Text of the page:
One for the Road; The Bourdain of Booze.

That title may be pretentious but I’m a sucker for alliteration like most drunk poets (I’m looking at you Seamus Heaney). After a not-so-dry January, I’ve decided to take a look back at my long and wonderful love affair with alcohol.

My first drink was probably a drop of J&B on the gums as a teething baby. Although not Irish but Italian, no one puts grappa on a kid’s gums because that would be insane. Whiskey is the correct drink for a baby, this is a well known and documented fact. My real career in drinking began like most in college at UCSB (U Can Study Buzzed was thrown around often), where I was an avid reader of Hemingway because I loved the idea of making a living by writing drunk, boxing, and travelling the world. My drink of choice was a Rusty Nail, the drink my father called his favorite, a man who to this day claims he has never been intoxicated, and I can’t say I’ve ever seen him drunk. That said a Rusty Nail for me is 2 parts Scotch Whiskey to 1 part Drambuie and not to be messed with unless properly trained. I remember going to the legendary ancient jazz dive Arthur’s Tavern in NYC when I was 22 and asked the salty waitress for one. She paused giving me a hard look over and said plainly “you’re too young for a Rusty Nail, I’ll bring you a rum and coke” and proceeded to do so. Pure NYC.

a young, and perhaps sober Roberto, heading for Italy at 17.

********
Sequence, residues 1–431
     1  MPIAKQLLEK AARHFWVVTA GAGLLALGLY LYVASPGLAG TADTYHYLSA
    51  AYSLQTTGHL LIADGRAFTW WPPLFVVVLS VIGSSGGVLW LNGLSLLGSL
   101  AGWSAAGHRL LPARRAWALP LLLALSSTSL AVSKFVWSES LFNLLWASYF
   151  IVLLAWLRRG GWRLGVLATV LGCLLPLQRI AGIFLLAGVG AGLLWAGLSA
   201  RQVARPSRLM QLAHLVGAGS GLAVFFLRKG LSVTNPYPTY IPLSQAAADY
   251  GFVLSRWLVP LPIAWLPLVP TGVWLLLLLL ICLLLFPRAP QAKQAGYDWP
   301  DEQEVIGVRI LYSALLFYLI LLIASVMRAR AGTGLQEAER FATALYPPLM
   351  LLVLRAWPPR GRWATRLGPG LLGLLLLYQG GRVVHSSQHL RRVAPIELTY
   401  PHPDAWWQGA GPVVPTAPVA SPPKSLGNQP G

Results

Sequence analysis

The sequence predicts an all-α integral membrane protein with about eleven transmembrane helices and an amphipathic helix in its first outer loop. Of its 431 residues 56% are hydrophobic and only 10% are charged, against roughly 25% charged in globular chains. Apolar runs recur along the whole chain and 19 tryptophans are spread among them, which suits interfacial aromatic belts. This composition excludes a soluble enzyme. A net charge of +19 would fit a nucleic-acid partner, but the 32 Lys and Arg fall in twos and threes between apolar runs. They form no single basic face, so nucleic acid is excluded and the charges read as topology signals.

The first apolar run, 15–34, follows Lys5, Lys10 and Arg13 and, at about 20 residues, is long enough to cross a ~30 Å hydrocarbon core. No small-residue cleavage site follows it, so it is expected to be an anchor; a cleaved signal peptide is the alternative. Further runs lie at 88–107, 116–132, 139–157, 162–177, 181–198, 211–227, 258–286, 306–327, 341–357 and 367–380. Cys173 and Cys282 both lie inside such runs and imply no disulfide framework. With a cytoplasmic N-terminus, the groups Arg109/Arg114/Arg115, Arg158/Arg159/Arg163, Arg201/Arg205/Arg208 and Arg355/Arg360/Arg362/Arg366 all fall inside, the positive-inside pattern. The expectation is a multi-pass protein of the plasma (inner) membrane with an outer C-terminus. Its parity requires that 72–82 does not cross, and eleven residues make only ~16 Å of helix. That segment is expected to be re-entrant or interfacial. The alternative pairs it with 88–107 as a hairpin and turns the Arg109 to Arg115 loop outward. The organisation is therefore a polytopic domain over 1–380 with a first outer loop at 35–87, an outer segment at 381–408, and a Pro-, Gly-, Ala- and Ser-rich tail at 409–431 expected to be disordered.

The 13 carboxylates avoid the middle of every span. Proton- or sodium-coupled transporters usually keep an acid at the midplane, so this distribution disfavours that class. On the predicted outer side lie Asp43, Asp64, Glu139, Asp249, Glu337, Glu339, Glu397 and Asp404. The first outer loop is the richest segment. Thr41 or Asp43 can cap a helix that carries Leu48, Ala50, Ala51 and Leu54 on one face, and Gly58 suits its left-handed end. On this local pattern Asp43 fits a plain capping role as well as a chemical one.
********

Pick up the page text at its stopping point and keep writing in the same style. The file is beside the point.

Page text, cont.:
From humble beginnings beautiful booze has brought me as many fond memories as it has clouded. I remember 50 cent giant cold Touborg beers on the veranda of a 16c. villa turned youth hostel just outside of Florence, falling in love with an Australian girl named Eva Toussaint. My parents, both airline employees, and Eva, just being an Australian, made a career of being a professional backpacker at very early ages, and like two international jet setters that didnt have two dimes to rub together between them, we would meet up in far-off places around the world in a blink of an eye for a shot and kanpai. Eventually I would move to Brisbane to be with her, fall in love deeper, be introduced to the true Dark and Stormy while watching the State of Origin on the tele, and ask her to marry me, all because of a cold Tuborg beer in Florence.

Unfortunately I was just turning 22. Man, writing that makes me laugh.

The proposal didn’t work out, I had to go back to the states and finish my degree and become a human. I left, heartbroken, unsure if I did the right thing, and confused about the future. Obviously I made a beeline for my local; Tom Bergan’s, the only real Irish bar in all of Los Angeles.